Modern Master: Danish Architect and Designer Finn Juhl

SLIDESHOW: Finn Juhl’s house (Photo credit: Henrik Sørensen)

Danish architect and designer Finn Juhl was the purveyor of a quiet, precise Nordic aesthetic.

“A chair isn’t simply a product in a room, it is a design and a room in itself,” said Danish architect and designer Finn Juhl (1912-89) in 1952. The architect was then becoming famous for his exceptional designs. The winner of five gold medals for his furniture at the Milan Triennale in the 1950s, Juhl was chosen to decorate the Trusteeship Council Chamber of the United Nations in 1951-52. “When the chamber opened in 1952, it was clear that Juhl’s decoration of the room not only underpinned the UN’s democratic objectives, but also placed Danish architecture on the world map,” says Henrik Gabriel Maa.

A quiet and precise aesthetic, Juhl’s style embodies Danish modernism. In the outskirts of Copenhagen, his house — now a museum — looks very simple; ordinary almost, with its two clear-cut, boxy wings of plain white-stuccoed brick and a low, pitched roof covered in light grey shingles. “Once inside, the gentle Nordic light pours in through the generous terrace doors and windows, and reflects off the soft cream and pastel walls, creating a convivial environment for paintings, sculptures, furniture, ceramics and, of course, people. It’s a prime example of the most romantic ideals of modernism in action, where architecture, design, and art harmoniously commingle to bring about a comfortable, functional, personalised, and soul-nourishing space for living,” says Maa.

Considered one of the most influential and prolific Danish furniture designers of the 20th century, Juhl trained as an architect, yet built very few buildings. His residence in Ordrup, begun in 1941, is all the more exceptional because, over the 40 years he lived there, it served as a laboratory where he experimented with perfecting interiors, integrating carefully chosen elements across every art form and often trying out new ideas before taking them to market. He cultivated coherence in every detail, designing everything himself, right down to daily items such as cutlery and crockery.

“Juhl was too avant-garde to be a university professor,” says Jeppe Mühlhausen, general manager of Hotel Alexandra in Copenhagen, which offers a furnished Finn Juhl suite. “From a young age, he worked for famous Danish modernist architect Vilhelm Lauritzen and helped him design the iconic Radio House. Experts believe that the Crown Lamp placed on both sides of the hotel lobby was designed by Juhl,” the hotelier explains. In 2001 Mühlhausen conceptually revived the 19th century Hotel Alexandra. Each room was meant to embrace a facet of Denmark’s design heritage and revive the Danish moderns. “I wanted every space to pay tribute to some of our brightest design minds and offer guests the possibility to stay in a room that would be completely furnished with vintage design references and collectibles.”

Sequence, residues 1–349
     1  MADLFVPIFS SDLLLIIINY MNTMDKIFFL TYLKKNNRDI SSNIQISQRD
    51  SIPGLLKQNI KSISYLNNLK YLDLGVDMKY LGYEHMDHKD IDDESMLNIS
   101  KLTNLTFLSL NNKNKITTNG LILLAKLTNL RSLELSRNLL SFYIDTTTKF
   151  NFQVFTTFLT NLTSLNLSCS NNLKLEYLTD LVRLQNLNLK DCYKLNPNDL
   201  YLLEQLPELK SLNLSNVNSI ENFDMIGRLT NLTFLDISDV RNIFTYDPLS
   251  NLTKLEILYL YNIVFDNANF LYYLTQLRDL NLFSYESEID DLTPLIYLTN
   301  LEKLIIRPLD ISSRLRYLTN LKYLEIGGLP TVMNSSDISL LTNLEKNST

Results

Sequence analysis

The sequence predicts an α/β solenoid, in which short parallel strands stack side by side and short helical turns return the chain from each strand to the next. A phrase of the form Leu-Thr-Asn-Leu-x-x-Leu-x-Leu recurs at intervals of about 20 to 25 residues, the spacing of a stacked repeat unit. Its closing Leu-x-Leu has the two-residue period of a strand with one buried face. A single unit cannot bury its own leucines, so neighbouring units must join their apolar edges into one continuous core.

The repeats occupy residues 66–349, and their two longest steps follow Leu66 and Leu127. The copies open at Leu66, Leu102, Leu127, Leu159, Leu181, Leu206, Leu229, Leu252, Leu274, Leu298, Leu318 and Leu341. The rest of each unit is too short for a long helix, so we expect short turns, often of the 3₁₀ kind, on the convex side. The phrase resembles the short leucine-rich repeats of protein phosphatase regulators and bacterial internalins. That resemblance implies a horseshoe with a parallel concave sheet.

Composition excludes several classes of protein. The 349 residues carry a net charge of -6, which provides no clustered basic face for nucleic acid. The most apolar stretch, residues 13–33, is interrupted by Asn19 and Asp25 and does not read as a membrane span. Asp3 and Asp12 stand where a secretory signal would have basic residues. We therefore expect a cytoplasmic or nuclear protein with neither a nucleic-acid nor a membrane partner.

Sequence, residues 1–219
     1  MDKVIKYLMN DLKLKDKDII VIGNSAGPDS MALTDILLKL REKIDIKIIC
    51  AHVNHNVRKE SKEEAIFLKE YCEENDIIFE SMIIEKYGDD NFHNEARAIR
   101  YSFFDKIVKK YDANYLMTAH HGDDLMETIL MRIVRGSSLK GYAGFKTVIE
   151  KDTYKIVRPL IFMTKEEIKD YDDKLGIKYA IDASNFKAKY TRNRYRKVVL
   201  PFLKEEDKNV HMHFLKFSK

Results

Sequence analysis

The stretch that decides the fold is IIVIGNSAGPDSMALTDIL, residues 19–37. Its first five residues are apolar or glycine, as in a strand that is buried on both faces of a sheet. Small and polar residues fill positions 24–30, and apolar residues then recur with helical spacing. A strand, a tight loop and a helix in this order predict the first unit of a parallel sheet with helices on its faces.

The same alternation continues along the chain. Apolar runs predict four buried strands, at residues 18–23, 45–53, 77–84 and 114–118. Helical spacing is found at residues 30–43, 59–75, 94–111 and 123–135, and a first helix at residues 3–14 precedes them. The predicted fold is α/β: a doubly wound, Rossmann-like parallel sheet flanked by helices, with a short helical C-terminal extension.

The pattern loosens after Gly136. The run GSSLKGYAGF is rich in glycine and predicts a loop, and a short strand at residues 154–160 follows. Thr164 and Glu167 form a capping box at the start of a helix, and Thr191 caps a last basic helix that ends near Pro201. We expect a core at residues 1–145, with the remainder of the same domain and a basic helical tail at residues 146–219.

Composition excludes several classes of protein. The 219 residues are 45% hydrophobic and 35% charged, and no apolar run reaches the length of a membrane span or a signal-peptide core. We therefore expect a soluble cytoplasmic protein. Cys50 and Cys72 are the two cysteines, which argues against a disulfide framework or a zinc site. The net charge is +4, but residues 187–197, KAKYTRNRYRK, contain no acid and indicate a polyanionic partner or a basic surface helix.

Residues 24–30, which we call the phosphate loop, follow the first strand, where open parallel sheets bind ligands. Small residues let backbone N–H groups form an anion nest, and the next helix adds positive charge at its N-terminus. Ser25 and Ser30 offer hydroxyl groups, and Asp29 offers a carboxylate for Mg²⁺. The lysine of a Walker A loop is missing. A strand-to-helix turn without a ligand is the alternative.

Buying cheap pieces from sales and flea markets, Mühlhausen started noticing around 12 years ago that the price of modernist furniture was sky rocketing. “One day, Hanne Wilhelm Hansen — Juhl’s widow — offered ‘their’ bed. She said they had slept in it throughout their marriage and that maybe we could use it at the hotel and would just need to insure it. So we did,” he says. “Back then, the Finn Juhl-designed bed was only worth around €37,000, but when she died the Finn Juhl Estate placed it back in Hanne’s room, where it belongs, inside the Juhl house,” says Mühlhausen. Today, it is priceless.

Sometimes accused of an elitism contrary to the democratic aims of modernist design, Juhl’s furniture is now revered because he used luxury materials and turned to hand craftsmanship for details. For Juhl, the modernist project had more to do with an intellectual, aesthetic sensibility, than with finding efficient solutions to the design problems of mass culture. Many of his most famous pieces were conceived with the help of master cabinetmaker Niels Vodder: the Chieftain Chair, the Pelican Chair, the Model 45, the Egyptian Chair, the Poet Sofa and his multi-coloured Chest of Drawers (1961) are now cornerstones of design history. In November 2016, Juhl’s 1949 Chieftain Chair was sold in Hong Kong for almost €235,000.

Juhl once wrote that an “architect should strive for unity but not uniformity, and establish a complete thought process behind everything”. The interiors he designed 75 years ago still tell the story of a life impassioned by high culture but grounded in simple pleasures; engaged in pursuits of the mind, as well as the heart.

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